n. a feeling of restlessness and excitement felt at the beginning of spring.
A book I bought a couple weeks ago sits on my bookshelf. Vines curl around the cover, designed to look like flowing hair covered in flowers. The silhouette of a woman outlined in foliage sits at the cover’s center. Sometimes, I stare at it, but I know I cannot read it yet; I am already so far gone.
I have been trying to avoid soft happy music, the candle on my nightstand, warmer days that stand out from the rest–things like this will just stoke the fire of longing within. I am already so besotted with the idea of spring, feverish with it even as the days grow cold again and snow threatens the weekend. My dad just finished gathering wood for a fire, yet I cannot stop thinking of sleepy warmth and golden light and endless blue skies.
This weekend I spent embroiled in the 24in48 readathon, wherein you are supposed to read for twenty-four hours out of forty-eight. Thanks to an interview on Saturday and a Sunday spent with an odd 24-hour stomach bug, I only got a little over nine hours in, but in that time, I finished two and a half books. I was quite proud of myself, and it had let me forget my sudden and intense need for spring’s warmth.
But with the end of the readathon came the return to reality. I could not stop myself from daydreaming of an apartment for myself, windows thrown wide to let in the mid-afternoon warmth, my cat curled up on my bed, a multitude of plants and wispy curtains hanging about the room, and, of course, the scent of clean linen hanging in the air from the candle burning on my nightstand. This vision keeps overtaking me when I least expected it, and even though I have tried my best to avoid anything reminding me of spring, I have slowly begun to give in.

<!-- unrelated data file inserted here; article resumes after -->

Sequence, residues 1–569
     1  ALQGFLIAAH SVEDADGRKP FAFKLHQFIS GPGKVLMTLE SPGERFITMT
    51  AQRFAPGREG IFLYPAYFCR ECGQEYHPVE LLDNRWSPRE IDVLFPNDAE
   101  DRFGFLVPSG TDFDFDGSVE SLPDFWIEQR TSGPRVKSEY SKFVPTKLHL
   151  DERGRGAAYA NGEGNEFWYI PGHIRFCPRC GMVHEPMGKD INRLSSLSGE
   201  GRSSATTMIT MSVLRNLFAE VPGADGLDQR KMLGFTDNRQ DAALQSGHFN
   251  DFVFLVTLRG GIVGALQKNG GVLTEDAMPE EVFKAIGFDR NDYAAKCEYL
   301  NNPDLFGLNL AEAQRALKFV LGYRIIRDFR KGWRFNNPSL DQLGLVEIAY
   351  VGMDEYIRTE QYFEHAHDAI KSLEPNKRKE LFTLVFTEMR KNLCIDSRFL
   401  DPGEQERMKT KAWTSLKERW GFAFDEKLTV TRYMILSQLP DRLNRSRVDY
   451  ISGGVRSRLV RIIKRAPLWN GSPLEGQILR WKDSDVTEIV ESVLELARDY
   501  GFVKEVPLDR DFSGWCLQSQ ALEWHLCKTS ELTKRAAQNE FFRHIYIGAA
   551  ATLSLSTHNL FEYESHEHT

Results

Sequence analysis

Today, I made a Spotify playlist entitled ‘Spring Fever’, full of the easygoing tunes reminiscent of the season, and then stepped outside to inhale the last breaths of warmth left over from the weekend before the cold descends on us once more. Tomorrow, I have errands to run, and it will be cold; I will have to wear my coat again, maybe a scarf, and resign myself to the continued chill of winter.
It is not even February.
Some say the next month will be warmer, others say the opposite. I marked Groundhog Day on my calendar this year–even though I never put much stock in the actual holiday, I secretly hope winter will end early. The Farmer’s Almanac says the weather will be spotty through February, and spring will bring more rain than usual. I don’t care anymore; I would rather have warm spring rain than sleet and snow and endless cold nights.
I have tried to avoid gentle music and warm days, the candle on my nightstand, the book on my shelf covered in vines, but they beckon closer and closer with every day that passes. My heart aches with the want for spring, for summer. I cannot wait for the turning of the seasons any longer. Spring fever has me in its grasp, digging romantic notions into my head.
Everyone always says spring is a time for new beginnings–flowers break through frost, the cold earth warms into muddy puddles, the world comes awake–and I feel that more truly than ever before.
Last spring, I graduated from Belhaven. The year that followed was tumultuous, and that’s the best way of putting it, but I powered through. And though I never thought a year would land me here, I know I don’t have much longer to wait.
Spring is almost upon us, and then the whole world will change.